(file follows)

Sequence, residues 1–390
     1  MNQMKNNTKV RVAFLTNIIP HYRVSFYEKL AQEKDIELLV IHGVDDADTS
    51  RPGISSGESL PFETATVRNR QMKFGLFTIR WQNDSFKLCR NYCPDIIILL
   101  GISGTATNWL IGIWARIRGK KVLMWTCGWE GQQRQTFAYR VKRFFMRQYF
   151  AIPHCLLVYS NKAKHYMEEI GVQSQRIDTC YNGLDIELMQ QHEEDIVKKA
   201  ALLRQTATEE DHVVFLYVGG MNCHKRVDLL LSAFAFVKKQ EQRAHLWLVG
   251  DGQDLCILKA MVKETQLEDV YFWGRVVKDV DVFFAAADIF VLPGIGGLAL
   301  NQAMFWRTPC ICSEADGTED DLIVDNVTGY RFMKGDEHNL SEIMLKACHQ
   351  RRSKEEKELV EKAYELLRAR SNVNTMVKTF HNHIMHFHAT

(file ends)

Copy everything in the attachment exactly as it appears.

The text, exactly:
Sequence, residues 1–390
     1  MNQMKNNTKV RVAFLTNIIP HYRVSFYEKL AQEKDIELLV IHGVDDADTS
    51  RPGISSGESL PFETATVRNR QMKFGLFTIR WQNDSFKLCR NYCPDIIILL
   101  GISGTATNWL IGIWARIRGK KVLMWTCGWE GQQRQTFAYR VKRFFMRQYF
   151  AIPHCLLVYS NKAKHYMEEI GVQSQRIDTC YNGLDIELMQ QHEEDIVKKA
   201  ALLRQTATEE DHVVFLYVGG MNCHKRVDLL LSAFAFVKKQ EQRAHLWLVG
   251  DGQDLCILKA MVKETQLEDV YFWGRVVKDV DVFFAAADIF VLPGIGGLAL
   301  NQAMFWRTPC ICSEADGTED DLIVDNVTGY RFMKGDEHNL SEIMLKACHQ
   351  RRSKEEKELV EKAYELLRAR SNVNTMVKTF HNHIMHFHAT